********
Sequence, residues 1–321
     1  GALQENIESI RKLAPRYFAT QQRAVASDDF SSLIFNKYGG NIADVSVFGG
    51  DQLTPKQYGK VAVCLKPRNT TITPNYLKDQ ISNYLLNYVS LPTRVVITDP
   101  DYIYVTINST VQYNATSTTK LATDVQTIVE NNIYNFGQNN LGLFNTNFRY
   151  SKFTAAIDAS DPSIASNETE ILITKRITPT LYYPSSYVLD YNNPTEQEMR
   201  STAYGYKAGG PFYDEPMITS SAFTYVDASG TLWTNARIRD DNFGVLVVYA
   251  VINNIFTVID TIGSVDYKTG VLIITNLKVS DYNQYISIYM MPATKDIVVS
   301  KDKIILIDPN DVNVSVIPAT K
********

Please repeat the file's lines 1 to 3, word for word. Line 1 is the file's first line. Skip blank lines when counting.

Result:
Sequence, residues 1–321
     1  GALQENIESI RKLAPRYFAT QQRAVASDDF SSLIFNKYGG NIADVSVFGG
    51  DQLTPKQYGK VAVCLKPRNT TITPNYLKDQ ISNYLLNYVS LPTRVVITDP